The article on chefs in our latest edition of PILOT gave a tasty insight into the world of these professionals as they cook up a storm around the world for owners and their guests. The accompanying images gave a glimpse of their working environments, but not everyone realises the amazing amount of preparation that goes into most galleys on a Feadship.
These floating kitchens are more than just a place to prepare haute cuisine – they are a reflection of the lifestyle and preferences of the yacht’s owner. After all, gourmet foods and fine wines are a key part of life onboard many Feadships and special culinary facilities are often required to suit particular palates. Many chefs are intrinsically involved in the design and layout of this vital part of the vessel.
Take the galley on ROCK.IT, for example, which is an unprecedented size for a 60-metre yacht and reflected the owner’s personal enjoyment of cooking and his friendship with TV celebrity chefs. His personal chef devoted a considerable amount of time working for the owner onshore in order to gauge the type of cooking he enjoys and wishes to serve to his guests. And the owner cooked for his chef, too, in order to ensure a genuine symbiosis of flavours.
Here is a small selection of other galleys that explain why Michelin-star chefs are pleased to cook on the ocean waves.
The galley on the 44-metre Moon Sand has a large cooking area that comprises six hobs, two catering ovens and a steam oven to facilitate the production of Asian cuisine. Its design has been created to allow the chef to easily cater for a cocktail party for one hundred people.
Lady Britt’s galley showcases a recurring theme on many Feadships – the desire to cater for every conceivable request, ranging from steam ovens for the health-conscious to deep fat fryers for the hungry. This impressive space was designed with dedicated positions for the chef plus a specific food preparation area separate from the interior team.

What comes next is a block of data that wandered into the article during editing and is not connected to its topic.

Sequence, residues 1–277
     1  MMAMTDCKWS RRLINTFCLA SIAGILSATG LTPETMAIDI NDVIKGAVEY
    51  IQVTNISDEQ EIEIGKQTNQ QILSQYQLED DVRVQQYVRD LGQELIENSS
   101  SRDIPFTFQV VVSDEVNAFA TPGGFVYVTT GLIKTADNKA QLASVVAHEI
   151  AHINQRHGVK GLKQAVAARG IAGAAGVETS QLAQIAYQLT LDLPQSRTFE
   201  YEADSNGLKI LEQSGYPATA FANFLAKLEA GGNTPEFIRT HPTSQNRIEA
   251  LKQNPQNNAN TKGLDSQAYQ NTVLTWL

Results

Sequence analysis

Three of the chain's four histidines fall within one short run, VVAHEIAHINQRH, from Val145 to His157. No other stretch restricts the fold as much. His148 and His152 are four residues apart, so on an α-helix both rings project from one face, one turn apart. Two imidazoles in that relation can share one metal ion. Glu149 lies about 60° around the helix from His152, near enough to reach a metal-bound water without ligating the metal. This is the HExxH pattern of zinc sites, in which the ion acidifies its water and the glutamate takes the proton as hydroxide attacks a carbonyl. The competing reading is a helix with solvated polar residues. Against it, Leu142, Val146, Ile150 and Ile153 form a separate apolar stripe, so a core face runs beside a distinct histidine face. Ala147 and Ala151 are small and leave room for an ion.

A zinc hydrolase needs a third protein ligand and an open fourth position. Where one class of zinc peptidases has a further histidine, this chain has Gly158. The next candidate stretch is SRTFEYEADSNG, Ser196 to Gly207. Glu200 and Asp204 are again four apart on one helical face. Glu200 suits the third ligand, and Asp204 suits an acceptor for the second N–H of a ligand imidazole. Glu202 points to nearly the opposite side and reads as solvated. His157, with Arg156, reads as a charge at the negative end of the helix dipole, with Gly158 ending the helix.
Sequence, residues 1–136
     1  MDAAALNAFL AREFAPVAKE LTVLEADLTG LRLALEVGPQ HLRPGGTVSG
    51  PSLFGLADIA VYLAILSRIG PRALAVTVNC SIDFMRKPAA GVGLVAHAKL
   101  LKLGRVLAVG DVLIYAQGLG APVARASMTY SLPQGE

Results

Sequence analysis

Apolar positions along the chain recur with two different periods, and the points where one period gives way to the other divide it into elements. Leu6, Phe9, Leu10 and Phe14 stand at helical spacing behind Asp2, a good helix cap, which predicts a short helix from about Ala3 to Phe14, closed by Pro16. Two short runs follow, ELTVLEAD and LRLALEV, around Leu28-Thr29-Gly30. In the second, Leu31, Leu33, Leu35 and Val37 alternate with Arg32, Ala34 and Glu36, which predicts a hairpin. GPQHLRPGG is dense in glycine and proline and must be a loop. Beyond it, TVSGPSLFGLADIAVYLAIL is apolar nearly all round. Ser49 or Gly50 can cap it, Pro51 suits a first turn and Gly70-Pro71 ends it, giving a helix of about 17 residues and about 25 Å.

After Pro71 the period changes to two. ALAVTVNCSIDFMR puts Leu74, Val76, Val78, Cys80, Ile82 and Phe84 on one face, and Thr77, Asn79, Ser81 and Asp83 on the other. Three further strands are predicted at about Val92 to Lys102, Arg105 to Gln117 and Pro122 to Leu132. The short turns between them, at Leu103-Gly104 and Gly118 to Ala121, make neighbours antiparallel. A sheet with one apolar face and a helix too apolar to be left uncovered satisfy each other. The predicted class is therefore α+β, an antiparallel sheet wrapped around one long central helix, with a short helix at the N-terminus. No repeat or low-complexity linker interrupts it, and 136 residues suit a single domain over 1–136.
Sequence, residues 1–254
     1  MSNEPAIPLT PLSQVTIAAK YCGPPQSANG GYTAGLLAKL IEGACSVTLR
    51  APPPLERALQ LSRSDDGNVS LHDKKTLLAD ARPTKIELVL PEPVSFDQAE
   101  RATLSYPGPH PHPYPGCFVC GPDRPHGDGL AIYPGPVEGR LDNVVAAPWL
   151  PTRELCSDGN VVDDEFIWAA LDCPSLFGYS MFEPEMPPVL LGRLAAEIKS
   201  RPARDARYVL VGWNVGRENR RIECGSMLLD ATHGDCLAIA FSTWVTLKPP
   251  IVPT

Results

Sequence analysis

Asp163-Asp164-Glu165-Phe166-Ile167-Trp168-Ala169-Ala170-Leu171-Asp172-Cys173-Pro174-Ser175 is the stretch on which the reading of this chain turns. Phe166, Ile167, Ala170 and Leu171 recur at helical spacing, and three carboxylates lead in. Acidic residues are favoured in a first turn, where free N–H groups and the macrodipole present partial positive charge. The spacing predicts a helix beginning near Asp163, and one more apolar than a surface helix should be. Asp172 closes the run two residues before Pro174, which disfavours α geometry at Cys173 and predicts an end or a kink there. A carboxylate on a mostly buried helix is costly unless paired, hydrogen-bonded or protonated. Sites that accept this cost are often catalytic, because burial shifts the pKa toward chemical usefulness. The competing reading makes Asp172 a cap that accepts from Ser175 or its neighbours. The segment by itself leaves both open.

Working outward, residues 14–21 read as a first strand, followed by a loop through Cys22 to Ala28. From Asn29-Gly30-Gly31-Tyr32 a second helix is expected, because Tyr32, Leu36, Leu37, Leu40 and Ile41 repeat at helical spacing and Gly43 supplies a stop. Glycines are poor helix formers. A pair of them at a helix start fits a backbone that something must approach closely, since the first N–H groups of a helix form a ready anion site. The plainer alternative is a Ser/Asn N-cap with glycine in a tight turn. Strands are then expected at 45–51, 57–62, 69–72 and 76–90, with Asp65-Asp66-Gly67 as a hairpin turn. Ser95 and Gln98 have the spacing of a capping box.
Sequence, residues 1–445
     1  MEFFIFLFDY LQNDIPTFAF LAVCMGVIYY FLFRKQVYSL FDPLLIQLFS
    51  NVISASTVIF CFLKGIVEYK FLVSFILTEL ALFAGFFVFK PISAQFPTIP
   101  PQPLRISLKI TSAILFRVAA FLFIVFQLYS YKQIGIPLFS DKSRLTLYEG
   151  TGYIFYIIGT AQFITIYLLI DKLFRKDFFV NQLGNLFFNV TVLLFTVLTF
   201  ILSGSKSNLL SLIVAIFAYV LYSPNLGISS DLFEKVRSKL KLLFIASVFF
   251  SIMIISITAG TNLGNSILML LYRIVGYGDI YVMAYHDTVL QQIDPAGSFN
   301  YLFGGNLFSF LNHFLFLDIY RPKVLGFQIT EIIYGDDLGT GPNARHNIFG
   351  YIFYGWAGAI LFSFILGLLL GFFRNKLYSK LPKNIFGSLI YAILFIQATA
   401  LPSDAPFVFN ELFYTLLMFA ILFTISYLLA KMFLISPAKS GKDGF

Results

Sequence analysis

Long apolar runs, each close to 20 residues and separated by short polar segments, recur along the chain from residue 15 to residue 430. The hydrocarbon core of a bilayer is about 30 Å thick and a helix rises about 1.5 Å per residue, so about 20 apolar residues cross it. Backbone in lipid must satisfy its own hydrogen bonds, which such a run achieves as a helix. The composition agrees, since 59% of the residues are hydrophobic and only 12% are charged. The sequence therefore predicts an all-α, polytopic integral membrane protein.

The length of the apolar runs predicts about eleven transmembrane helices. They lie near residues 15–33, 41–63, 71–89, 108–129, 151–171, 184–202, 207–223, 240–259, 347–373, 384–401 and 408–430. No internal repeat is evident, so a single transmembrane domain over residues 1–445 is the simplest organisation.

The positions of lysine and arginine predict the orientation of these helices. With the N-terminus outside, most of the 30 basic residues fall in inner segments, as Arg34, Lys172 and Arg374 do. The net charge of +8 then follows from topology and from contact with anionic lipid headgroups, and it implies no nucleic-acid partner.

Another Feadship ‘Lady’ highlights the importance of galley logistics so that the chef and crew can work their magic without disturbing their guests. On the 2010 Feadship Lady Christine, a carefully thought-through layout with two zones between the galley and dining room (serving area and dishwasher room) ensure that the sights and sounds of the bustling galley never intrude on the diners. The galley itself is a fully professional kitchen, with convection ovens, steam ovens, a range of microwaves and a desk so the chef can compose menus in an area flooded with natural light.
In a similar vein of bespoke galley thinking, the 2008 Predator contains separate cold and hot kitchens and a dedicated cleaning area. A door in the hull opens up to bring provisions directly onboard into the galley or to be taken down to the tank deck below where giant freezers and refrigerators reside. As always, behind every good chef is a great deal of organisation!
Some owners actually like to be involved in the cooking themselves, and the 2003 Feadship Andiamo is perhaps the ultimate example. The full-beam galley amidships on the main deck is a comfortable yet practical community area where the chef prepares world class specialties for guests, or all onboard gather to prepare meals and share the long-haul cruising experience. "Coming from a food background, I enjoy preparing international cuisine," explained the owner at the time of Andiamo’s launch. "I love shopping in local farmer’s markets, preparing exotic recipes with newly discovered ingredients, and enjoying the results with my friends and family.”
It is clear then that the size of a galley will reflect a specific requirement. Let us conclude our galley tour in 1995 with the 49-metre White Rabbit. The repeat client owner requested Asian-style dining for up to 24 guests and the answer was to incorporate a galley that ran the whole beam of the yacht on the bridge deck, providing access to the adjacent sky lounge and dining room below.
It is fascinating to note that a new Feadship currently under construction contains a new way of addressing the desire for Asian-style gastronomy that was simply not possible two decades ago in terms of technology or safety. We’ll serve up more on this particular project as soon as we are able!
The original article on Feadship chefs was featured in issue 19 of PILOT.